The front part of the castle was separated from the second bailey and Aukos Hill by a defensive moat which had a bridge. Aukos Hill was girt by a defensive ditch with small brick walls. The second bailey and Aukos Hill were protected by the castle walls with three towers.

For a long period the castle bailey was not built up and the garrison lived in the towers.

Research shows that there were three clear stages in constructing the Peninsula Castle:

• the first stage saw the building of a guard-type castle, ca 1375-83, probably;

• the second stage saw the formation of the front castle with seven towers and defensive walls (end 14 cent.)

• during the third stage the front part of the castle was finished and curtained with walls.

Work began on building up Aukos Hill and this stage can be associated with Grand Duke Vytautas reconstruction of the castle before the Treaty of Melno (1422) that ended the wars with the Teutonic Order.

There is not much information about the use of the castle after the death of Vytautas (1430). We do know that building work was interrupted by squabbles over the succession to the throne of the Grand duchy. We know that Grand Duke Žygimantas Kęstutaitis (1432-1440) lived there and that it was in this castle that he was murdered on Palm Sunday (March 20) 1440.

The castle lost its significance. In the early 16 century it was a place where high-ranking prisoners were held and plots of land began to be carved off for donations to noblemen. After 1655 buildings that were seriously damaged during the war with Muscovy were left derelict and unused. In the seventeenth-eighteenth centuries a few single buildings appeared near the walls and at the end of the eighteenth century the castle became home to the Dominicans who began to build their church.

Interest in the castle grew after 1817 when the Vilna Gubernia surveyor, STR. Velikorodov, measured out the southern tower and prepared a sketch of it. The 1827 Atlas of Castles of the Vilna Gubernia presents a plan and sketch of the castle that were made in 1826 when the tsar commanded the old buildings of the Russian gubernias to be surveyed and described. When preparations were under way in 1838 to publish a supplement to the old buildings’ atlas the Trakai surveyor I. Wroblewski made three sketches of the castle. In the second half of the nineteenth century the Peninsula Castle and nearby wooden buildings were sketched by V. Gumiński and in 1872 by the artist E. Andriolis. After the Germans occupied Trakai during the Great War, German specialists came to research the castle and write several articles about how best to preserve it. In 1928 the engineer W. Girdwejn drafted a plan of the Peninsula Castle and under the leadership of J. Borowski he strengthened the northern tower and cleared away the debris from other towers. In 1930 before the visit of the Polish president the castle bailey was tidied but this work did not continue for lonstr. Only on the initiative of the Vilnius conservationist S. Laurenc was the castle declared a national monument in 1933. After Lithuania took the Vilnius District from Poland in 1939 care for the castle was taken over by the Vytautas the Great Cultural Museum (Kaunas) which in 1940 drew up a work agenda for the castle for 1941-49 but after the Soviet Union and Germany went to war this work was not begun. Work continued only in 1953 when the eastern tower was restored partially. In 1953-61 the remains of the castle were recorded, conservation and restoration projects were drawn up and work in these areas began and are still being continued according to the Trakai Island and Peninsula Castles Reserve directed maintenance and use programme as approved by the Lithuanian minister of culture in 2000.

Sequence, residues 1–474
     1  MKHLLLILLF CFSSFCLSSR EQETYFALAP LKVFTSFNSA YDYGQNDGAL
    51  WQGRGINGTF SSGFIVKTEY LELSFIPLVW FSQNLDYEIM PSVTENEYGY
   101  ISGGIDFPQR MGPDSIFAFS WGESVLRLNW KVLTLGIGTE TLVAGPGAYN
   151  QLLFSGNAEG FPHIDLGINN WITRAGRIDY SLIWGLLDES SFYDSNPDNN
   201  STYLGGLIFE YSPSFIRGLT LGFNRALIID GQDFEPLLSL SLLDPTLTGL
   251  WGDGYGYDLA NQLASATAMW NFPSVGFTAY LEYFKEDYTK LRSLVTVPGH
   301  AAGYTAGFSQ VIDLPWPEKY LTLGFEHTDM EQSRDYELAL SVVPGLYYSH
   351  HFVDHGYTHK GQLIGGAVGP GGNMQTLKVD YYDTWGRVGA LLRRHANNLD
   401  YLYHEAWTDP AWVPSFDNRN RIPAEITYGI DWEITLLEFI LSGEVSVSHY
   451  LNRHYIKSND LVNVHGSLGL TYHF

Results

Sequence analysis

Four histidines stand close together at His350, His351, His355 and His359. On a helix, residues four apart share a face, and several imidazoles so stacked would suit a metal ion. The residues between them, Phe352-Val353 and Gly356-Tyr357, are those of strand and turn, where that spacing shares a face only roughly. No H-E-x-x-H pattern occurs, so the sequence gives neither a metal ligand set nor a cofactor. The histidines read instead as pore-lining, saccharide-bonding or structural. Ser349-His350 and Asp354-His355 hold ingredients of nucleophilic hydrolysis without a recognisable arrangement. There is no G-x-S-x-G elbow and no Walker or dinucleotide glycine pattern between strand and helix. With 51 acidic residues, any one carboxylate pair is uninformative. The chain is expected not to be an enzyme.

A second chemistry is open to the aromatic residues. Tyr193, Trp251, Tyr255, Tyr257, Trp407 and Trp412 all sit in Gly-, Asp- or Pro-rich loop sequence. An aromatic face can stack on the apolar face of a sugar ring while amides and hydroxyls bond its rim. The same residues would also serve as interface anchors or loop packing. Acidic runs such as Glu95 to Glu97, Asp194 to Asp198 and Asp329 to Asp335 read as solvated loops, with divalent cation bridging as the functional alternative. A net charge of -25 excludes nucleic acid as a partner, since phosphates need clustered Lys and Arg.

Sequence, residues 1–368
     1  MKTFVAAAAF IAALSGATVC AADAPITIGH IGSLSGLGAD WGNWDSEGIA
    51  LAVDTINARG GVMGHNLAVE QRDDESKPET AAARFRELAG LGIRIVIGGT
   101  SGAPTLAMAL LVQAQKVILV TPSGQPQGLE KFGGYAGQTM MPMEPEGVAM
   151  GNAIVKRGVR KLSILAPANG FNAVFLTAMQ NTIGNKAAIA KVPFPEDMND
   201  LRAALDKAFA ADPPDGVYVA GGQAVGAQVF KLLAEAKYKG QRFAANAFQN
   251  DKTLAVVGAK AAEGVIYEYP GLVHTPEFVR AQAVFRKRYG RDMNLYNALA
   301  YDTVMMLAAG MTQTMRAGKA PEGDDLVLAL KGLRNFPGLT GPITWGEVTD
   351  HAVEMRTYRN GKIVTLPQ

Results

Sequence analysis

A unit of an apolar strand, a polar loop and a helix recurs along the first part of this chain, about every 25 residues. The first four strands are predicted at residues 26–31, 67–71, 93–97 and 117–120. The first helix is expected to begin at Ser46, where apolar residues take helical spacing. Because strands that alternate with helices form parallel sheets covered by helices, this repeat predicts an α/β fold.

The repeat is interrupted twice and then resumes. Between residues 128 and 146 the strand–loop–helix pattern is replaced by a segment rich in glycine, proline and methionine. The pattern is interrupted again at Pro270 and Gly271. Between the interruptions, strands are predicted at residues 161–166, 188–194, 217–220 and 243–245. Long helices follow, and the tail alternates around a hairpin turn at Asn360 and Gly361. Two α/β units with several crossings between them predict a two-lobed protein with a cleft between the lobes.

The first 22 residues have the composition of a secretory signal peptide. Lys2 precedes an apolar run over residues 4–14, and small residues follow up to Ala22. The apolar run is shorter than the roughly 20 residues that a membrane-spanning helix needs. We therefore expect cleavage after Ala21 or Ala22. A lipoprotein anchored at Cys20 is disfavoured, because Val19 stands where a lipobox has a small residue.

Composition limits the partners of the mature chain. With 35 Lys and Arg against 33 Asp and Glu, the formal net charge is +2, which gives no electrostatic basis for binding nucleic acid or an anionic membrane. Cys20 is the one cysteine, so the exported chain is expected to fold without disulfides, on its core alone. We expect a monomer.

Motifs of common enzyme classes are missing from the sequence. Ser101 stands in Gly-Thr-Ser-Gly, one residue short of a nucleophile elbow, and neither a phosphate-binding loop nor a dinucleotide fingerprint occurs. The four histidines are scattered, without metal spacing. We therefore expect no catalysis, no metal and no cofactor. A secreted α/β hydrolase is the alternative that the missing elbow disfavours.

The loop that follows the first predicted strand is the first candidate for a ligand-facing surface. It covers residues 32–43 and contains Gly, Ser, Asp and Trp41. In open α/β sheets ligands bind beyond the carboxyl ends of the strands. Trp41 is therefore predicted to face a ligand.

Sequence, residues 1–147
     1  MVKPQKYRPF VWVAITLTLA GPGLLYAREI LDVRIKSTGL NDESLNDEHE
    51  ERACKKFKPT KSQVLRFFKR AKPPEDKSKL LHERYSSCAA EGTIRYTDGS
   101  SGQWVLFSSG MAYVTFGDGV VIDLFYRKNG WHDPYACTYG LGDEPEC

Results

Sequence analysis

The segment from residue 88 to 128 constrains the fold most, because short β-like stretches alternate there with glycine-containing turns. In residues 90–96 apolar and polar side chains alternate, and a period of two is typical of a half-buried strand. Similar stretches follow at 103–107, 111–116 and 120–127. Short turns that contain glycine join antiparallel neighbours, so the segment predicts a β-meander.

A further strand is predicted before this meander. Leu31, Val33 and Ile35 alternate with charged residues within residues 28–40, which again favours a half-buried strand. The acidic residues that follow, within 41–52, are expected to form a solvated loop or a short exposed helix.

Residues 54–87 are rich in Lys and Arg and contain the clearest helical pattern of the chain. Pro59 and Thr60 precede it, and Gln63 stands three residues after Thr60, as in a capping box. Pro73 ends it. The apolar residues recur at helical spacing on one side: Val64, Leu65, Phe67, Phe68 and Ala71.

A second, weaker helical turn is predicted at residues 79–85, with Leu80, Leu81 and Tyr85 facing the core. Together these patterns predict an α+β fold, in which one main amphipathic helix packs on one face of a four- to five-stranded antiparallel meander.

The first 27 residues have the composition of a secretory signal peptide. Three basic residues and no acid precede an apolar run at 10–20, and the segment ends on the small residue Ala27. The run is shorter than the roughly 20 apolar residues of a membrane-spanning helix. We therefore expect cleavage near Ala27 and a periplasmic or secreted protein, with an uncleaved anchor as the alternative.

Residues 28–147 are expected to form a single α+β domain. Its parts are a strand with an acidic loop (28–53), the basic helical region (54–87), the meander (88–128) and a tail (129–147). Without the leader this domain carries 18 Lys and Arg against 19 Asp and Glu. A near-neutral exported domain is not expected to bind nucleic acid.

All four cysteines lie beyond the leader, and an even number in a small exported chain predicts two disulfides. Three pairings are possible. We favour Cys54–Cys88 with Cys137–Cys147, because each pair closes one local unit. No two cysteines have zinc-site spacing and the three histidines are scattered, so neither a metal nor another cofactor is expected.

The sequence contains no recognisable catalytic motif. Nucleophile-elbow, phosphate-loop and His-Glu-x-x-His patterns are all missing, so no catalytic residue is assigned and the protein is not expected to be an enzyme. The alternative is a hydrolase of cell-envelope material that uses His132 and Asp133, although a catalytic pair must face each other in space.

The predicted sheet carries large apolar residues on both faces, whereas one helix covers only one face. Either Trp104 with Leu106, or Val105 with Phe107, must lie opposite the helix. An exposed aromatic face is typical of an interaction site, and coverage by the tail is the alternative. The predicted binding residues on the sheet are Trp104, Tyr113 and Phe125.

A dossier was drafted on Dec. 10 1996 and Protection Regulation 81 was drawn up on July 5 2002. At present work is under way on drafting a detailed plan for the Trakai island and Peninsula Castles Cultural Reserve. The castle is the property of the Lithuanian Republic and lies in the Trakai Island and Peninsula Castles Cultural reserve.

Forschungsmitarbeiter Mitch Williamson is a technical writer with an interest in military and naval affairs. He has published articles in Cross & Cockade International and Wartime magazines. He was research associate for the Bio-history Cross in the Sky, a book about Charles ‘Moth’ Eaton’s career, in collaboration with the flier’s son, Dr Charles S. Eaton. He also assisted in picture research for John Burton’s Fortnight of Infamy. Mitch is now publishing on the WWW various specialist websites combined with custom website design work. He enjoys working and supporting his local C3 Church. “Curate and Compile“
Leave a comment

Leave a Reply Cancel reply

Exit mobile version